In early 2017 The Scottish Library and Information Council coordinated a programme of training for public library staff to deliver coding sessions to young people. From March onwards, all of Scotland’s public library services will run Code Clubs aimed at children ages between nine and 11.
Coding skills are now a core component of computing science and increasingly being sought after. Many of today’s jobs require some degree of coding and demand for these skills will only increase as technology becomes more entrenched in society.
The Code Club Project aims to expose young people to coding skills in a way that is fun and engaging. By having a games-based focus and collaborative feel, the clubs enable children to develop confidence, self-esteem and leadership skills.
Staff from 31 of Scotland’s public library services were trained in the basics of two coding languages – Scratch and Python – during special one-day training sessions. SLIC partnered with Code Club (Scotland) to coordinate the programme of training, a charitable organisation that supports coding clubs for young people ages 9-11 years.
Up to five members of staff from each local authority were able to attend, equipping them with the essential skills needed to deliver their own Code Club programme.
All 31 services will now initiate their own Code Clubs which will run for a minimum of 12 weeks.
Code Clubs will take the form of weekly one-hour sessions, held either after school or at weekends. Each club will initially run for 12 weeks, with the aim of it becoming a standard part of the public library offer in Scotland.
This links directly with the strategic aims of Ambition & Opportunity, Scotland’s strategy for public libraries, which highlights the role of libraries in delivering Science, Technology, Engineering and Mathematics (STEM) activities to support digital inclusion and economic wellbeing.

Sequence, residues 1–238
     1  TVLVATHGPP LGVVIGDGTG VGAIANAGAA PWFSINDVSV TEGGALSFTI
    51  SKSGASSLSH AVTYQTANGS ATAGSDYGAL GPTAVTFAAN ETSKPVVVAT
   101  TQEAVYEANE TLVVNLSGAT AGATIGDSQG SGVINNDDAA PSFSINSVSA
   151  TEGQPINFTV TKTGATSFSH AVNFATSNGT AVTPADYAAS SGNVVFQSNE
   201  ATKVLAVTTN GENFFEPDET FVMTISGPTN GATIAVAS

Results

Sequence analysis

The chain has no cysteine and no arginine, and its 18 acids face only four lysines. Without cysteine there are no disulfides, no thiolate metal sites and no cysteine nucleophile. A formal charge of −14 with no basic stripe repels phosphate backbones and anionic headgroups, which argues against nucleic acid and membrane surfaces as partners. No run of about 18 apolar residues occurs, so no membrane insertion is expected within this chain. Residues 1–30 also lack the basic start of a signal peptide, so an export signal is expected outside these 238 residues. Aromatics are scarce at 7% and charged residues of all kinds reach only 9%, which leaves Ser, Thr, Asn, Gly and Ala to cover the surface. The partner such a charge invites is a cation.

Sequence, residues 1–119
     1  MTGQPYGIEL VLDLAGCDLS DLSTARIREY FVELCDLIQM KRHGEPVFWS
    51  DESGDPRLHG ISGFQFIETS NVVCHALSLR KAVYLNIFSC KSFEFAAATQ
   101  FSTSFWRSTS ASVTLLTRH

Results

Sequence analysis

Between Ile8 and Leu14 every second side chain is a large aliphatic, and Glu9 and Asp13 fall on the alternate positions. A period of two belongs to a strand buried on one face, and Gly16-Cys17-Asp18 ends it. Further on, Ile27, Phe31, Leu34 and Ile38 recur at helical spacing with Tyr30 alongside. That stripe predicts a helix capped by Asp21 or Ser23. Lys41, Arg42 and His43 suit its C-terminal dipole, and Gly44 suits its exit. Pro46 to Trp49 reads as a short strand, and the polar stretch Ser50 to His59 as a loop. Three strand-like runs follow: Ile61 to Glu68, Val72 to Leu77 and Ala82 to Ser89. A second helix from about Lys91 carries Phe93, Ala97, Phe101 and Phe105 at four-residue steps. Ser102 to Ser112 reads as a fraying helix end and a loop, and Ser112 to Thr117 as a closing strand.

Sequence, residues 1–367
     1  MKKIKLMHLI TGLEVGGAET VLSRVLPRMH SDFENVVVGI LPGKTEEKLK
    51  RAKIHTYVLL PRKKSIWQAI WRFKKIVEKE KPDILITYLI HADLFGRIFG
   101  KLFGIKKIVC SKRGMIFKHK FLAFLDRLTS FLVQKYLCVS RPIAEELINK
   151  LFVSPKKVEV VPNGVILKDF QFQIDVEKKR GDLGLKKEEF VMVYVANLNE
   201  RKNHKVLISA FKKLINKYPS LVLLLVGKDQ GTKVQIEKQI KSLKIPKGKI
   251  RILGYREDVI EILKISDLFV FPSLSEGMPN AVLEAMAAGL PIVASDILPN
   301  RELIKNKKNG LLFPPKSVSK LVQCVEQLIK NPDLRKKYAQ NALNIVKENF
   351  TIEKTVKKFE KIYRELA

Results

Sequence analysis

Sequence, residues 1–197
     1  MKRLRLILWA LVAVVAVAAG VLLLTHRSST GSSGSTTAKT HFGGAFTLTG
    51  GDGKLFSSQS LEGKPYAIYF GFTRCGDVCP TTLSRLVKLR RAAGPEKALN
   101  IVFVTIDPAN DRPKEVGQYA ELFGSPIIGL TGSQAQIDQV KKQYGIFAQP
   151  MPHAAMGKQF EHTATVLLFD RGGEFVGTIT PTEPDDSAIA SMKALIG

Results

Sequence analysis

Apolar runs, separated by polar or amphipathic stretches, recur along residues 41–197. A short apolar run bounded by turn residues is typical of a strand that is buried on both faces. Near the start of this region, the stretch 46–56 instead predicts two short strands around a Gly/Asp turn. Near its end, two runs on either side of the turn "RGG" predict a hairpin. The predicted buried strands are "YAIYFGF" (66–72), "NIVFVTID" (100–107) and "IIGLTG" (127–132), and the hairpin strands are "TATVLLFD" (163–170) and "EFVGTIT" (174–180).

Delivering Code Clubs in public libraries throughout Scotland has established SLIC as a key provider of coding skills instruction for young people across Scotland.
Library staff have also developed new skills – enhancing both performance and confidence in supporting digital skills development. For young people, it is a chance to learn in an inclusive and friendly environment where all are welcome. This in turn increases self-esteem and ultimately employability.
Young people participating in the code clubs will complete a short survey at the beginning and end of the 12-week programme in order to gauge its impact on their perceptions of the computer science/digital technologies sector.
The Code Club Project was made possible through Scotland’s Digital Xtra Fund. Digital Xtra was launched in May 2016 and is funded by the Scottish Government Digital Scotland Business Excellence Partnership. The project strongly supports the fund’s key objectives - increasing both the number of young people participating in computer science related activities and the number of venues across Scotland offering this type of provision.